The Spitfire in Sweden


Mikael Forslund


Mikael Forslund


35.00 from MMP Books
$69.00 from  Casemate Publishing 


Scott Van Aken

Notes: ISBN 978-91-977677-8-1, 208 pages, hundreds of photos, landscape format

Not a lot of people pay attention to the aircraft flown by Scandinavian countries, save for perhaps Finland, but these nations flew a rather extensive variety of types. Sweden in particular used aircraft both locally developed and purchased from overseas. Frequently it was more expedient to purchase a type because a locally developed type either wasn't available or was several years away and it was felt that something was needed right away.

Since Sweden has always had a strong and capable military so it could defend its neutrality, the post WWII era was a time when they were especially concerned about the threat from the Soviet Union. The Russian have never been fully trustworthy, and have a history of 'treaty one day, invasion the next'. This is a bit of an extreme commentary, but there is considerable truth in it. Needless to say, the Swedes are always ready and needed a fast photo recon platform in the late 1940s. The choice fell to the Spitfire 19 as they were readily available and could be purchased for a reasonable price.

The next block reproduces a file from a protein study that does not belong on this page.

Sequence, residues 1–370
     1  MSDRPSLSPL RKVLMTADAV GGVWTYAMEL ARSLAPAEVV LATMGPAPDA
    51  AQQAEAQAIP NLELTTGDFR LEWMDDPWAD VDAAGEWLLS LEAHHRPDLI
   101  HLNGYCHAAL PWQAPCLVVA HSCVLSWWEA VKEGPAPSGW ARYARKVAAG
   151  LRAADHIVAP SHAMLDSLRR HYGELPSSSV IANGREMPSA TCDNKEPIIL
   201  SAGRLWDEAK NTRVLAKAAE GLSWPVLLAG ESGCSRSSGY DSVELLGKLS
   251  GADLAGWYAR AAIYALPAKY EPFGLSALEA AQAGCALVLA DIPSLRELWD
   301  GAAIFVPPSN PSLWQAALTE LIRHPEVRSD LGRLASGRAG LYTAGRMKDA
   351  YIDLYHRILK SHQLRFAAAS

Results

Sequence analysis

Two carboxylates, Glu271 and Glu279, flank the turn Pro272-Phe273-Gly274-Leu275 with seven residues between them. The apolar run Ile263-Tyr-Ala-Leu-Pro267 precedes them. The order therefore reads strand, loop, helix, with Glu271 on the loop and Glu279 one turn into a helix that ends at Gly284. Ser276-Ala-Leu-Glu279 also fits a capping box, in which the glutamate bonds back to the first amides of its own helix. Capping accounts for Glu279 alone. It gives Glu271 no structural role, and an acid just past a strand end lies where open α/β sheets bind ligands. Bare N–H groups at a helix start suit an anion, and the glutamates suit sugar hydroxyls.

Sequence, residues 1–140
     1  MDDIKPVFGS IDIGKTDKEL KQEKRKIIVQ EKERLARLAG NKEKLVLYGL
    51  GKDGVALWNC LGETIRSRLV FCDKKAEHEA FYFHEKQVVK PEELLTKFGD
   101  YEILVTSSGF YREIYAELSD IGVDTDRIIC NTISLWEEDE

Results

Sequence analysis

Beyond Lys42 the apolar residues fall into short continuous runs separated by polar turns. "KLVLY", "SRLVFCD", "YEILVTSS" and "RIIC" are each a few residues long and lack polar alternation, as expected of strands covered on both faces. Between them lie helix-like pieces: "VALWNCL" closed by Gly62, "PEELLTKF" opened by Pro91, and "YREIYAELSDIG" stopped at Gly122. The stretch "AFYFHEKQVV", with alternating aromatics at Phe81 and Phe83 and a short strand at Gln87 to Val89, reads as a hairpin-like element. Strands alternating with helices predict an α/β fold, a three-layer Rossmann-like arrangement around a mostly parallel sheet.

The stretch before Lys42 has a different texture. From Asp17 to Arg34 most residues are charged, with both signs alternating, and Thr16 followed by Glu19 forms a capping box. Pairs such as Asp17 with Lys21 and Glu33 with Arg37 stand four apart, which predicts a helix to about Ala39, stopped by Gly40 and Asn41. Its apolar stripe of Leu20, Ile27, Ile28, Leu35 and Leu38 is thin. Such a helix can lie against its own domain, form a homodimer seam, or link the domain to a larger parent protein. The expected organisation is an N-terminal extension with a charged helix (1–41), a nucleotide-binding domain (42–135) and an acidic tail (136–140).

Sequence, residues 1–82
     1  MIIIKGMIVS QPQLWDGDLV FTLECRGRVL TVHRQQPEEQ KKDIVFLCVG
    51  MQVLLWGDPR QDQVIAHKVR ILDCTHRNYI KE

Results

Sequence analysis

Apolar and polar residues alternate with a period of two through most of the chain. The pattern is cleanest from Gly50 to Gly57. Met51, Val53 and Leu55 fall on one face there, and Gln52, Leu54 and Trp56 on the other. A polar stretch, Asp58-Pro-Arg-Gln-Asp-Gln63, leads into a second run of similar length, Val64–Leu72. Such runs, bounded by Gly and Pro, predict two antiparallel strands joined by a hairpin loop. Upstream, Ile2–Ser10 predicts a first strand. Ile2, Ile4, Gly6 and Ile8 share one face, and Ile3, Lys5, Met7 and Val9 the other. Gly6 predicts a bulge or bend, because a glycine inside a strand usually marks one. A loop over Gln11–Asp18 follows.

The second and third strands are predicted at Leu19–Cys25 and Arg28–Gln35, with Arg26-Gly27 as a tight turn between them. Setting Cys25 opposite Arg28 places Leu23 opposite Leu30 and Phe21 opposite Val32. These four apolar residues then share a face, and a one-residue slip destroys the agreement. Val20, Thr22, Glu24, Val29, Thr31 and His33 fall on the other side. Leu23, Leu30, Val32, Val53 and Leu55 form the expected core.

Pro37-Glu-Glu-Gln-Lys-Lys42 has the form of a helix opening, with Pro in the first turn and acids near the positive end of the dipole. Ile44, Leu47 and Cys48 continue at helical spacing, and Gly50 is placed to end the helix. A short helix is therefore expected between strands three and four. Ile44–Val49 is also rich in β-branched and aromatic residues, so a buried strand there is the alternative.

Initially, Sweden also wanted Spitfires for fighter defense as well, but the US gave them a deal of Mustangs that they could not refuse. However, they did choose the photo recon Spit. None of these were new build and were obtained from RAF stocks, but the RAF had more than they could use, so it was an easy deal to make.

Designated the S.31 in Swedish service, 70 aircraft were ordered and were delivered within a year of signing the contract. These were overhauled and repainted with Swedish insignia and the wing markings prior to delivery. In this process, the British used different shades for the insignia so you can tell the approximate time frame of the photo of an S.31. All were delivered to 11 Wing and served until they were withdrawn from service in 1955 and subsequently scrapped.

This book covers more than just the history of the S.31. Indeed, it includes every Spitfire to touch on Swedish soil, including some from WWII, visits by Spitfire squadrons post war and warbirds. There is also a brief history of air reconnaissance in Sweden. Much of the rest of the book is the history of operations of the S.31. This includes extensive recollections of pilots and ground crew, more images of the aircraft than I can remember ever seeing in one place before. Camouflage and markings information is included as are a lot of mishap photos and tables of information on each plane and its fate. I found it interesting that none were preserved and the one in the Swedish aviation museum is a British plane purchased many years after the type had left service. I was also quite pleased to see so many color images.

In all, it makes for the best history of this type that you will find anywhere. I also have to appreciate the publisher choosing the landscape format for this book as this is the best was to present photographs. Unlikely to ever be duplicated in its depth or research, it is a book that I highly recommend to you.

June 2017

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Casemate Publishing
MMP Books

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